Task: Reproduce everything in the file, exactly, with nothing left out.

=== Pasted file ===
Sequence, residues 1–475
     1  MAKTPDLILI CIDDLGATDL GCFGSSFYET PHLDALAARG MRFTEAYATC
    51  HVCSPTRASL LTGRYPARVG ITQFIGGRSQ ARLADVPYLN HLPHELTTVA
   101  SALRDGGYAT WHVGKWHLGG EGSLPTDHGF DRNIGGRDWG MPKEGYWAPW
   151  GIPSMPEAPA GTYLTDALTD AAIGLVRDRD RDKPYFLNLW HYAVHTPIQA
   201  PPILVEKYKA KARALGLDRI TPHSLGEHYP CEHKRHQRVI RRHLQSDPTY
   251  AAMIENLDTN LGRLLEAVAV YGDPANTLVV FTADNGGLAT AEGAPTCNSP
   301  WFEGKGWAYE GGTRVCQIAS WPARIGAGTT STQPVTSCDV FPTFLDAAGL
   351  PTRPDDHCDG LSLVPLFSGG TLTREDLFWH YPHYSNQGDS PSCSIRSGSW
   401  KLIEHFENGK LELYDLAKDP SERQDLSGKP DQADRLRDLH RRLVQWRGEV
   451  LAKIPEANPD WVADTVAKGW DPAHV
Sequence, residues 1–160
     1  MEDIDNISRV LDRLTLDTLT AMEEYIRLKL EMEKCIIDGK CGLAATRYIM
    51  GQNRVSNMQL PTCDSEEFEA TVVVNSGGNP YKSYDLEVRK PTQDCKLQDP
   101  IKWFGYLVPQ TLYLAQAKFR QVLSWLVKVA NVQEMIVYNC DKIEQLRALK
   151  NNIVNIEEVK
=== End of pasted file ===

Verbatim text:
Sequence, residues 1–475
     1  MAKTPDLILI CIDDLGATDL GCFGSSFYET PHLDALAARG MRFTEAYATC
    51  HVCSPTRASL LTGRYPARVG ITQFIGGRSQ ARLADVPYLN HLPHELTTVA
   101  SALRDGGYAT WHVGKWHLGG EGSLPTDHGF DRNIGGRDWG MPKEGYWAPW
   151  GIPSMPEAPA GTYLTDALTD AAIGLVRDRD RDKPYFLNLW HYAVHTPIQA
   201  PPILVEKYKA KARALGLDRI TPHSLGEHYP CEHKRHQRVI RRHLQSDPTY
   251  AAMIENLDTN LGRLLEAVAV YGDPANTLVV FTADNGGLAT AEGAPTCNSP
   301  WFEGKGWAYE GGTRVCQIAS WPARIGAGTT STQPVTSCDV FPTFLDAAGL
   351  PTRPDDHCDG LSLVPLFSGG TLTREDLFWH YPHYSNQGDS PSCSIRSGSW
   401  KLIEHFENGK LELYDLAKDP SERQDLSGKP DQADRLRDLH RRLVQWRGEV
   451  LAKIPEANPD WVADTVAKGW DPAHV
Sequence, residues 1–160
     1  MEDIDNISRV LDRLTLDTLT AMEEYIRLKL EMEKCIIDGK CGLAATRYIM
    51  GQNRVSNMQL PTCDSEEFEA TVVVNSGGNP YKSYDLEVRK PTQDCKLQDP
   101  IKWFGYLVPQ TLYLAQAKFR QVLSWLVKVA NVQEMIVYNC DKIEQLRALK
   151  NNIVNIEEVK